I recently submitted a paper for publication. I was amazed to read the tone of one of the reviewers.
Previously, it was read by a pair of peers. I am completely sure that they would tell me if they found something wrong with the manuscript. Instead, their comments were positive.
This reviewer did not address any specific point of the work, just underestimated it as a whole. I could understand if his/her opinion was that the work is poor overall, but I perceive his/her comments as unnecessarily offensive.
As examples, the review contains the sentences:
It seems to the present referee that the author does not realize what constitutes the fundamental problem of molecular quantum mechanics as related to calculation chemistry.
The simple fact that the author ... and then he picks the "best" through statistics and numerology, reflects his attitude and respect towards the concept of THEORY.
On the contrary, very often my colleagues joke about (and many times we have discussed) my obsession with accuracy and scientific rigor. So, I am very convinced that the manuscript can not have an unusually high lack of rigor.
Although I have already published papers, I am inexperienced in publishing. This was the first time that I did the publishing process by myself.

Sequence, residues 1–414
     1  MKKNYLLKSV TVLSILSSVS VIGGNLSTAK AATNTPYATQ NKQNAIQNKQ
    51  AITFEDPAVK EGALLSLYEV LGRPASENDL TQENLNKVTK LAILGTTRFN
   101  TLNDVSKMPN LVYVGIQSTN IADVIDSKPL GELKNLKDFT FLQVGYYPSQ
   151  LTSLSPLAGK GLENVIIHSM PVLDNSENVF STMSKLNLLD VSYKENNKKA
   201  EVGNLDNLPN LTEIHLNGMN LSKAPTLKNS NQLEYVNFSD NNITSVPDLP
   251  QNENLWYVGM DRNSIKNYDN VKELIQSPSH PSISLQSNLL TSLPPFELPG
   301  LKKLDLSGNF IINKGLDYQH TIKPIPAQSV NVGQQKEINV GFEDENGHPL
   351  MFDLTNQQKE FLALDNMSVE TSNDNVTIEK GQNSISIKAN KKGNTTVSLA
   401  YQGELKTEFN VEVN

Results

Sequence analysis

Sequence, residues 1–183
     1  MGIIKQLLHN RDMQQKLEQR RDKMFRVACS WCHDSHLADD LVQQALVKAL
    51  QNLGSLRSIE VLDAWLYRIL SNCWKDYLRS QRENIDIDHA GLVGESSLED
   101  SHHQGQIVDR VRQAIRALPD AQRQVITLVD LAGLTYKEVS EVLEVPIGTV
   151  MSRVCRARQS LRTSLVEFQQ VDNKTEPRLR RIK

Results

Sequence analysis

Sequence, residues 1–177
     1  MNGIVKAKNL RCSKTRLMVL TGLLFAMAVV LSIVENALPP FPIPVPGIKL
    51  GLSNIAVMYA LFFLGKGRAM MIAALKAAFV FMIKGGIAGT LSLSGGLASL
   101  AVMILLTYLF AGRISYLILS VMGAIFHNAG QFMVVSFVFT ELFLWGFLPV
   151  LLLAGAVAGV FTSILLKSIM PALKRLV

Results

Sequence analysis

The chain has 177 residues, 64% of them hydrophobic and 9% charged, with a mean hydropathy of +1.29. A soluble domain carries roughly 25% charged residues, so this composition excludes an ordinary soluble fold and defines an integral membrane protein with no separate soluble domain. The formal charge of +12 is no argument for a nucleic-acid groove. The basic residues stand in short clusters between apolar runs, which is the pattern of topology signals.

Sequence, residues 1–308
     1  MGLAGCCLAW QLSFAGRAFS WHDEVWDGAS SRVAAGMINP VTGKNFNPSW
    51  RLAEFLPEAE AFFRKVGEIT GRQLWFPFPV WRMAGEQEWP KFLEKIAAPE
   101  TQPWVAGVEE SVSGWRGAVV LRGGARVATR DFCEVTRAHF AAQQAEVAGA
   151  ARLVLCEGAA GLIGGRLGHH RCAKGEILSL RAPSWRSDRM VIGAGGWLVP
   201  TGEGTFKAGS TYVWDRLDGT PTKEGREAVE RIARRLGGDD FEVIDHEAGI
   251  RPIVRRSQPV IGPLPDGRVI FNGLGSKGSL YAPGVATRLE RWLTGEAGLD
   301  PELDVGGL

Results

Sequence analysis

I wish to know
- Are these kinds of comments normal from reviewers? If so, what motivates them? I tend to think that the comments should be an objective appreciation of the work and not the author.
- How are they perceived by the academic community?
- Should I respond in any way?
Just for clarification. I don't have evidence that the reviewer misunderstood the work. The only comment he/she made is the second quote that I previously included in the question. It is noteworthy to say that this point is far away from the central point or incumbency of the paper. The other thing he/she mentioned about the work is related to the title.
Getting angry reviews that, in your opinion, fail to understand your work is normal. It's sadly part of the territory.
It's hard to say why someone writes an angry review. Maybe they're an angry person, maybe they had a bad day and didn't like your work, or maybe they're one of those "tough love" people and get a little harsh when they disagree about something.
Your best approach is to ignore the tone of the review. If your paper got accepted, celebrate your publication. If you get a rebuttal, try to address their underlying concerns by politely pointing out why they are wrong and you are right.
If you are certain that your work is correct and the reviewer is wrong, think about what in your paper might lead them to believe what they did. If one person thinks you did something wrong, others might too. Consider rewriting that part of the paper to clear up any misunderstandings. It may be time consuming, but it will make your paper all the stronger in the long run.
Not to make any assumptions as to your research ability, but if this is your first time submitting a publication on your own, it is entirely possible that your technique is wrong. You can be rigorous in your approach and still do things incorrectly. It may be worthwhile to approach a more senior researcher that you trust and get their opinion on your paper with respect to the review.